Just some good old Rock and Roll music. Produced by Jimi Hendrix. The record is a little noisy but its a crappy styrene copy and i only paid 25 cents for it! BUT HENDRIX PRODUCED IT!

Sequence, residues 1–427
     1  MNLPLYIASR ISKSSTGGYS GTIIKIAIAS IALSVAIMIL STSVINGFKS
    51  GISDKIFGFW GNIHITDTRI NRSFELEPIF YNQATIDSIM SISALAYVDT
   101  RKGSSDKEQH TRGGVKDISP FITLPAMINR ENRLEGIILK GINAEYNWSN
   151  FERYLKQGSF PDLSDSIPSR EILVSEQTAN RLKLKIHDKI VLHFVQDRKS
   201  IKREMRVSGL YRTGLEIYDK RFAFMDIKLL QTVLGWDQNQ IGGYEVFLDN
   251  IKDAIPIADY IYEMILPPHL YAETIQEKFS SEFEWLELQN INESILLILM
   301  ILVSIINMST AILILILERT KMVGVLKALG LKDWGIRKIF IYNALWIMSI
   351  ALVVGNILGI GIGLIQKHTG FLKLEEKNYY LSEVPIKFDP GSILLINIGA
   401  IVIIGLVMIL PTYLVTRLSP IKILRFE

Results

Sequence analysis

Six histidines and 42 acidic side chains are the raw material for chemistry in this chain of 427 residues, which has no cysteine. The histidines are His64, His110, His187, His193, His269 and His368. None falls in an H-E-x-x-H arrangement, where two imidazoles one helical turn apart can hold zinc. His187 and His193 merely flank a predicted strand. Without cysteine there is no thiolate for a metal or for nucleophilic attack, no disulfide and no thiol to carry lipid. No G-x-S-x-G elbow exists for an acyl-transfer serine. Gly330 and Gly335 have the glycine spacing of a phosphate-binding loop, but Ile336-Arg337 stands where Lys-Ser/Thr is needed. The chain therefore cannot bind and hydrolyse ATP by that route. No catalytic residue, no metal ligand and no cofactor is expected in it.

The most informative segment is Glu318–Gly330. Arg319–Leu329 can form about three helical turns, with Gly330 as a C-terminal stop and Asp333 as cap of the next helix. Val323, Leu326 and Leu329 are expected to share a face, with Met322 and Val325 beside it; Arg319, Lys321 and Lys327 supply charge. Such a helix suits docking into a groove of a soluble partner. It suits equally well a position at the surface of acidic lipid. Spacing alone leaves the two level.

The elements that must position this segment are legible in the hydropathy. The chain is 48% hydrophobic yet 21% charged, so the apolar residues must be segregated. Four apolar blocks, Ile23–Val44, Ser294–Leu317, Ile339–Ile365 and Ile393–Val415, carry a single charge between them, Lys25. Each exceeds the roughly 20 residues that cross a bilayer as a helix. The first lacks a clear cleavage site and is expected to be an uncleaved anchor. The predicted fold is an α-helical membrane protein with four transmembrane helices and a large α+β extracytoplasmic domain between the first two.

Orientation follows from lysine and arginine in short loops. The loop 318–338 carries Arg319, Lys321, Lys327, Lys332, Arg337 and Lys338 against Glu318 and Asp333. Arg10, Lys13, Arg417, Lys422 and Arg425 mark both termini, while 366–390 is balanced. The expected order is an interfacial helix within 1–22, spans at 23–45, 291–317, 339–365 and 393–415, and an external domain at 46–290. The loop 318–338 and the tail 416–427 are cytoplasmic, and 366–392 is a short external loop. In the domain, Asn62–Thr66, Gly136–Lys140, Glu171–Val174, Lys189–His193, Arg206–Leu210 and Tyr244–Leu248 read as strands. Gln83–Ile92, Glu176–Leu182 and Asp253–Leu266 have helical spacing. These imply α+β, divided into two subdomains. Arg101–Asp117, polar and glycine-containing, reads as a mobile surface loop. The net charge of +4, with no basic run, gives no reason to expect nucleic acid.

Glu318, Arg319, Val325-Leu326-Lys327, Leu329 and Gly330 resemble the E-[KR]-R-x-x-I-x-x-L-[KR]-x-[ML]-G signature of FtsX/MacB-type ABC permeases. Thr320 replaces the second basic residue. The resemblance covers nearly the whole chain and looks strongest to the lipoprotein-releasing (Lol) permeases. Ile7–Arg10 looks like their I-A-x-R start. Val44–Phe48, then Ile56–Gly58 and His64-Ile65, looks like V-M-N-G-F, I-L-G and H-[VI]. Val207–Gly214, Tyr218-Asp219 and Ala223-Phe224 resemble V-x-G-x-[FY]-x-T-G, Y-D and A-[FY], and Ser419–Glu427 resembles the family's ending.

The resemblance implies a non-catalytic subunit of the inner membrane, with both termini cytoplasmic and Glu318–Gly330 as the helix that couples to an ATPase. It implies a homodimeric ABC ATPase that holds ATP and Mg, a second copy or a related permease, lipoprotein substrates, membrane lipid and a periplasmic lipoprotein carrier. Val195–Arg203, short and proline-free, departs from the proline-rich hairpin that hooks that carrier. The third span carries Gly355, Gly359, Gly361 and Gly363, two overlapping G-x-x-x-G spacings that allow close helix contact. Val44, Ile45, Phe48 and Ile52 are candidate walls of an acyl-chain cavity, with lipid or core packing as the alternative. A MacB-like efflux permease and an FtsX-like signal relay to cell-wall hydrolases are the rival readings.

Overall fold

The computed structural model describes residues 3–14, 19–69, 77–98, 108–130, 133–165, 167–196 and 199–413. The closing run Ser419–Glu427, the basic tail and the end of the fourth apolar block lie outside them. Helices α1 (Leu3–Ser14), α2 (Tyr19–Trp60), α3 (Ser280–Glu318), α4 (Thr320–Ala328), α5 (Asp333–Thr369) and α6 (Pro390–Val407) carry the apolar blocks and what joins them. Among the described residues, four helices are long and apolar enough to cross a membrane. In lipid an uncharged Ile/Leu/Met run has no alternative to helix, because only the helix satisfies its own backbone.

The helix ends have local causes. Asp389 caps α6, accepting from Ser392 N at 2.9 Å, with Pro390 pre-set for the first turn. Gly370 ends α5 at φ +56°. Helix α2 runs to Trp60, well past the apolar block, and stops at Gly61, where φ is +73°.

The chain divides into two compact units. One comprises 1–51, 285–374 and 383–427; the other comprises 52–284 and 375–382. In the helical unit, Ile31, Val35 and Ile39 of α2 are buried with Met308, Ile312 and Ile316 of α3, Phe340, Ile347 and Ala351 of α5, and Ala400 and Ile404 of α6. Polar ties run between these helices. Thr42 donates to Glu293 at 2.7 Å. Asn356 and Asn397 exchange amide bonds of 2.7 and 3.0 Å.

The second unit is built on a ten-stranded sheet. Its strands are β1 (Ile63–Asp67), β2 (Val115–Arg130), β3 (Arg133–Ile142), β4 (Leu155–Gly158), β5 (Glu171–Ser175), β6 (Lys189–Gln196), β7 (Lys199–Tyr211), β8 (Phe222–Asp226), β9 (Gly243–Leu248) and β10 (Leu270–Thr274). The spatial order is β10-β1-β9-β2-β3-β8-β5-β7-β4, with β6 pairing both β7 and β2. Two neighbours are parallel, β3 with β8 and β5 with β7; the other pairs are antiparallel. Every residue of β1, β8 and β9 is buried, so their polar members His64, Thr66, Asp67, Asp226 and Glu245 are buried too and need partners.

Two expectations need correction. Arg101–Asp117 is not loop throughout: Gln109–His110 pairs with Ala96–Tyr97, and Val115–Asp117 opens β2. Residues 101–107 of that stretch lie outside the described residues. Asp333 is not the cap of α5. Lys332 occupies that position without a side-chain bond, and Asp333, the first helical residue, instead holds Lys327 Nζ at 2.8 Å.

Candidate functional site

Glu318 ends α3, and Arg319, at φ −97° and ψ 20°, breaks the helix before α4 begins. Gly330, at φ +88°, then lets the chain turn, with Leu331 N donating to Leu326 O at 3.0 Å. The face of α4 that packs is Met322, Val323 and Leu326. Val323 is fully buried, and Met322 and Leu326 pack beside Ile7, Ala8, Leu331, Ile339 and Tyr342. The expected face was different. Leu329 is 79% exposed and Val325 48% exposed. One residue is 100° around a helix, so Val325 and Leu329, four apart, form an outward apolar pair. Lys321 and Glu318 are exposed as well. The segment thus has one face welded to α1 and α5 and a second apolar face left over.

Cat Mother and The All Night Newsboys was co-founded by Roy Michaels and Bob Smith in the fall of 1967. Michaels had previously been playing with Stephen Stills and Richie Furay in the Au Go Go Singers, prior to the formation of Buffalo Springfield. Initial members were Bob Smith on vocals, keyboards and drums, Roy Michaels on vocals and bass guitar, William David "Charlie" Chin on vocals and guitar, Larry Packer on guitar and violin, and Michael Equine on drums and guitar. Jay Ungar was also initially associated with the group, on violin, and rejoined the group for their second album. Core band membership consisted of Michaels, Smith and Equine. The band's popularity in New York grew during 1967 and 1968, through regular appearances at the Cafe Wha?, which led to an engagement as the house band at New York's Electric Circus. The band was particularly notable for releasing a Top 40 hit in the summer of 1969, reaching no. 21 on the U.S. Billboard Pop Chart, with the rock and roll medley "Good Old Rock 'n' Roll". The medley included cover versions of "Sweet Little Sixteen" by Chuck Berry, "Long Tall Sally" by Little Richard, "Chantilly Lace" by The Big Bopper, "Whole Lotta Shakin' Goin' On" by Jerry Lee Lewis, "Blue Suede Shoes" by Carl Perkins and "Party Doll" by Buddy Knox. The single and the band's first album, The Street Giveth and the Street Taketh Away, were produced by Jimi Hendrix. The association with Hendrix came through the band meeting him in New York City. Cat Mother was initially managed by Michael Jeffrey, who also managed Hendrix. Cat Mother opened for Hendrix on several occasions, as a result. Other notable early appearances included playing at the Toronto Rock and Roll Revival, the historic concert headlined by The Doors, where John Lennon and The Plastic Ono Band appeared in a surprise performance. Other popular songs by the band included "The Street Giveth and the Street Taketh Away", "Strike a Match and Light Another", and "Cat Mother". However, the band's principal chart success remained "Good Old Rock 'n' Roll", which was not representative of the diversity of its sound. Similar to contemporaries Moby Grape, Poco and the post-1967 Byrds, as well as predating The Eagles, Cat Mother was one of the first rock bands to blend rock and country music. As part of the band's actions to sever ties with manager Michael Jeffrey, the band relocated to San Francisco as of 1970, and later settled in the Mendocino area. By the time of their 1970 second album, Albion Do-Wah, they were joined by Jay Ungar (violin, mandolin, guitar, & vocals), Paul Johnson (guitar), and special guest Lyndon Lee Hardy (vocals on two songs). The third album, Cat Mother, released in 1972, featured Michaels, Smith and Equine joined by Charlie Prichard (lead & slide guitar) and Steve Davidson (congas & percussion). By the time of the band's final album, Last Chance Dance, in 1973, Charlie Prichard had been replaced by Charlie Harcourt on guitar, harmonica and vocals. The band continued to perform until 1977.